# How to interpret the sum of two series?

I am confused a bit while I am recalling the infinite series. Thomas' Calculus says: Sum of two divergent series can be convergent by giving an example: $\sum1 + \sum-1 = \sum0=0$. We also know that $\sum(-1)^n$ is divergent. However, can not we think the series $\sum(-1)^n=-1+1-1+1\cdots$ equals to $\sum1 + \sum-1$? What distinguishes these series exactly?

• In $\sum 1 + \sum -1$, you can say that number of $1$'s and $-1$'s will be the same which is not in the case of $\sum(-1)^n$ – Isha Tarte Feb 27 '17 at 10:38
• It seems that you are trying to re arrange the terms of $\sum (-1)^n$? – Juniven Feb 27 '17 at 10:44
• @IshaTarte Yes, it seems that their numbers not equal and this leads my question actually. For the latter one, can not we correspond the $-1$'s and $1$'s one-to-one which means their numbers are equal? Why? – faith Feb 27 '17 at 10:57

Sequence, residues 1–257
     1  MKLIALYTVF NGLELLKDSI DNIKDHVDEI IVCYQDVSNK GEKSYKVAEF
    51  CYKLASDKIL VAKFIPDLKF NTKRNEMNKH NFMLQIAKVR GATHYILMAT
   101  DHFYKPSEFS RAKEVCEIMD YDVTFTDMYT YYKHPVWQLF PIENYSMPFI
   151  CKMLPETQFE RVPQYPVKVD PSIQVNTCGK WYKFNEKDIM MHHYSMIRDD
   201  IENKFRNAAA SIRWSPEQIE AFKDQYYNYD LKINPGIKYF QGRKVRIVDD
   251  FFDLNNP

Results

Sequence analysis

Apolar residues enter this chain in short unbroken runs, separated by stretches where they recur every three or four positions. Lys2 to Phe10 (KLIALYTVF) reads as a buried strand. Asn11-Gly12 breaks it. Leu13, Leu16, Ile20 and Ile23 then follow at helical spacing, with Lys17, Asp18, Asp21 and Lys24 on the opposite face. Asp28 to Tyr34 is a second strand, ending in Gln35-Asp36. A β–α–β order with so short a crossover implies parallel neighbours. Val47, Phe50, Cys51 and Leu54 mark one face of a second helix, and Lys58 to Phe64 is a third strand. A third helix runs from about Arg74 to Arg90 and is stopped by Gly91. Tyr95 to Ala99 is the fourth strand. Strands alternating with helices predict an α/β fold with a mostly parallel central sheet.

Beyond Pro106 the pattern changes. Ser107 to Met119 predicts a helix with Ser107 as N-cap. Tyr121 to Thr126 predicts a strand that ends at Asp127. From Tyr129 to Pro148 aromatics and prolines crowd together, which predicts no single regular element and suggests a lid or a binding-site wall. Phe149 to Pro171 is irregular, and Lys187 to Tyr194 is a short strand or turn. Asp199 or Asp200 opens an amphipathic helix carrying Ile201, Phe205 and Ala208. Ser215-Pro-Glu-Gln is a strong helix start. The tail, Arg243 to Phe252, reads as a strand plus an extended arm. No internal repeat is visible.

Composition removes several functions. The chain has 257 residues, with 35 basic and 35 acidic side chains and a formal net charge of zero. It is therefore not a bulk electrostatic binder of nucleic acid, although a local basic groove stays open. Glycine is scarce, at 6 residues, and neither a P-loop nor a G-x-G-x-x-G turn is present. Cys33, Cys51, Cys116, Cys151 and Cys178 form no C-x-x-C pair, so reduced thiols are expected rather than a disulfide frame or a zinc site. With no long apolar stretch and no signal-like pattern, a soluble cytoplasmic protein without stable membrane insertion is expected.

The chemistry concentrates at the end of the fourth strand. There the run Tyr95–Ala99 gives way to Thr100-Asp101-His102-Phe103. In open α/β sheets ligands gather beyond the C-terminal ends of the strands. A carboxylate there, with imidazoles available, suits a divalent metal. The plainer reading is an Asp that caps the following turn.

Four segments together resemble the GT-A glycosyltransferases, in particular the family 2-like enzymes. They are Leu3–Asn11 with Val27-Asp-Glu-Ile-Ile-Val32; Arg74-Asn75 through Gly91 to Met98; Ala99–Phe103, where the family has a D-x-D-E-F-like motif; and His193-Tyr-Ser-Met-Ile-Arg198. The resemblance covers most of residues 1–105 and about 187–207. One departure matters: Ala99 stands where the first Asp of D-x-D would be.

• @ΘΣΦGenSan Yes this is exactly what I try to. – faith Feb 27 '17 at 10:57
• For your information, rearranging such terms is not allowed. See the answer bellow for a better explanation. – Juniven Feb 27 '17 at 11:08

Suppose that we have two sequences $\{a_n:n\ge1\}$ and $\{b_n:n\ge1\}$ and we want to find the limit of the sum of these two sequences. Then $$\lim_{n\to\infty}(a_n+b_n)=\lim_{n\to\infty}a_n+\lim_{n\to\infty}b_n$$ provided that both of the sequences $\{a_n:n\ge1\}$ and $\{b_n:n\ge1\}$ converge. If this is not the case, the equality might not hold.